In Why Start with Pedagogy 4 Good Reasons, 4 Good Solutions, Cathy Davidson writes: “If your goal is equality in a world where inequality is structural and violent and pervasive, you can at least start with your classroom as a place in which to model a better way...Be an activist in the realm where you have control. You can change to a pedagogy of liberation today.”
This past week was a big week of reminders about structural inequality in the U.S. Although Davidson’s post appeared as many of these reminders were unfolding I don’t believe it was timed as a response to any recent events. My sense is that it is part of her on-going response to just…what is.
But her call to be an activist, to exercise influence in situations where you have influence, is an appealing point of reflection at this particular point of time. How might we nudge toward inclusiveness when we design, lead, facilitate or moderate the spaces in which we learn? Formal classrooms are one. Another, for me, is the space defined by the boundaries of an organization’s enterprise social network (ESN). I see ESNs as a way to remake organizational learning.
What is our pedagogy of liberation for the ESN case?
Davidson’s post describes four effective techniques for modeling inclusiveness in the classroom. Each is a great example of translating vision and intention into action and provides inspiration for making similar translations for the ESN case.
Among the four techniques I particularly love “everyone raise your hand,” which resets the norm for in-class discussion. A question gets asked by the instructor. Everyone must raise their hand. Someone is called on to comment or answer. If they don’t have a comment or answer they say “I don’t have an answer, but I’d like to hear what [names another person] has to say.” And the question is passed forward. The point: You establish a culture where everyone is important enough to say what they have to say, whatever that is.
“Everyone raise your hand” is a great example of a designed nudge. And one with an intention of nudging us toward inclusiveness, to ensuring that we make effort to hear diverse voices.
The ESN case, of course, differs from a physical classroom. Maha Bali’s post Inevitable Exclusion – symbols, hashtags and networked spaces puts a finger on some of the critical challenges that arise when we start to think about inclusion in networked environments. Especially in large, open networked environments. Some challenges have to do with the affordances of social media technology. I can raise my hand on Twitter, but unless I’m using the proper hashtag no one in the classroom may know I am there. The classroom may not even be on Twitter.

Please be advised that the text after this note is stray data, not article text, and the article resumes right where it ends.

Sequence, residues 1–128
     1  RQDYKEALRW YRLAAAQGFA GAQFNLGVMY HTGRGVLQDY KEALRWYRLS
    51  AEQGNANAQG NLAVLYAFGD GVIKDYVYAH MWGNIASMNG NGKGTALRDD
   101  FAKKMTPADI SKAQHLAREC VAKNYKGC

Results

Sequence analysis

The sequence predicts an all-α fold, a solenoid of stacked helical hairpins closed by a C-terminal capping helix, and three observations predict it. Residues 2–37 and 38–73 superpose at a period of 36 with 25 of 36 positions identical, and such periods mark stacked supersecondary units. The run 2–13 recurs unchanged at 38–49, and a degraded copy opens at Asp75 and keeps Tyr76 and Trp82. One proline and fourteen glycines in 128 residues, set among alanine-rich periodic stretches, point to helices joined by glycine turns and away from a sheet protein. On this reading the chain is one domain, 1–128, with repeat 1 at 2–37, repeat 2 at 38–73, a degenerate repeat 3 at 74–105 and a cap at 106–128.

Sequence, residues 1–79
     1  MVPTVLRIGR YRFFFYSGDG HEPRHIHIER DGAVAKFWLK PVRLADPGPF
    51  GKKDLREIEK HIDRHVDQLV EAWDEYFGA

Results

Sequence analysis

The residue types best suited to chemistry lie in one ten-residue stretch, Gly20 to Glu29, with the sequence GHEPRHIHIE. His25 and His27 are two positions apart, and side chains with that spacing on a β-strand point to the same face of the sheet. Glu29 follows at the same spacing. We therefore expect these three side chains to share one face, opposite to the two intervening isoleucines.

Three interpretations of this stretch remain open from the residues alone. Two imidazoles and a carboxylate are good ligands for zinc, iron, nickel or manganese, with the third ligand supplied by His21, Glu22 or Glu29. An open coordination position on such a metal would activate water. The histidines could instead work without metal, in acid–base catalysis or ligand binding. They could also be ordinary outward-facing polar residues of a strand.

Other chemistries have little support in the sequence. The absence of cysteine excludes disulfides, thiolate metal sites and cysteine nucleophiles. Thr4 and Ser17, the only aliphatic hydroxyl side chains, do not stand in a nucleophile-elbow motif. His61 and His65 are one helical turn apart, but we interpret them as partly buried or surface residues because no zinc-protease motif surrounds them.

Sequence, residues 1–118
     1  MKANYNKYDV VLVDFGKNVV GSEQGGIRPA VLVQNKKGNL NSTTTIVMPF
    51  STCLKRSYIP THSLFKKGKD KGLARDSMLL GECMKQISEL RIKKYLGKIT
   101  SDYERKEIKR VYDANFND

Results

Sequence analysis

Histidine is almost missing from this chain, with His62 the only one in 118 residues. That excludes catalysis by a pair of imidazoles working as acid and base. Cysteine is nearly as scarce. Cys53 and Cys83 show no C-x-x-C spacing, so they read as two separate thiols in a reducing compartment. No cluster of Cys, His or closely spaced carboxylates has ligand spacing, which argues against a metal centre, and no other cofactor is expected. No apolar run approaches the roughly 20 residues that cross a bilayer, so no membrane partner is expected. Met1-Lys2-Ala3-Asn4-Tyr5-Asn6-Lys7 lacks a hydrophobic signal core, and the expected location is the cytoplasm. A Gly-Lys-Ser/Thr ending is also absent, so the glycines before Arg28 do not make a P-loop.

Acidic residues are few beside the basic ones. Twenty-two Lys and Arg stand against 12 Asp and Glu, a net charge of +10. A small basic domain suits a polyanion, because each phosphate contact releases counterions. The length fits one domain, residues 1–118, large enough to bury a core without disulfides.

Many other challenges exist and, as her blog headline suggestions, her point is that exclusion is inevitable. But inevitable exclusion is different from intentional exclusion.
Let me quote from Maha’s last two paragraphs directly. It’s a great summary of the dilemma and the mindset that will help us lead through the dilemma:
“But all this to say that… exclusion in real life and social media is inevitable. It’s not because facilitators of a space don’t try to be inclusive; it is not because participants are intentionally excluding others… it just is. Some people will speak out about ways it is glaring and can be overcome and that’s wonderful. Others will lurk. Others will leave. Others will say bad things about you behind your back. It’s inevitable. As Dave Cormier once said, every “us” is “not them”.
And that’s OK. As long as we’re not intentionally ostracizing people for no reason. As long as we’re doing our thing and trying to be open (and we don’t always have to be open; it’s OK to sometimes want to be with our friends!)”
So back to my question. How might we nudge toward inclusiveness when we design, lead, facilitate or moderate ESNs as organizational learning environments? What is our pedagogy of liberation?
For ESNs we make design choices about access (who is in/out), what functional capabilities are available and how we relate to each other in virtual groups, communities and networks. And as community managers we facilitate within the boundaries defined by those design choices.
Whether we admit it our not – we are present in the design. We are also present in the way in which we facilitate activities. And whether we admit it our not, this presence is an expression of our philosophy, our assumptions about what the ESN should “be.”
I’d like us to strive to make ESNs more inclusive by intention. To facilitate a culture where everyone is seen as important enough to say what they have to say, even if it’s just “I’d like to hear what someone else has to say.” We need a pedagogy for that.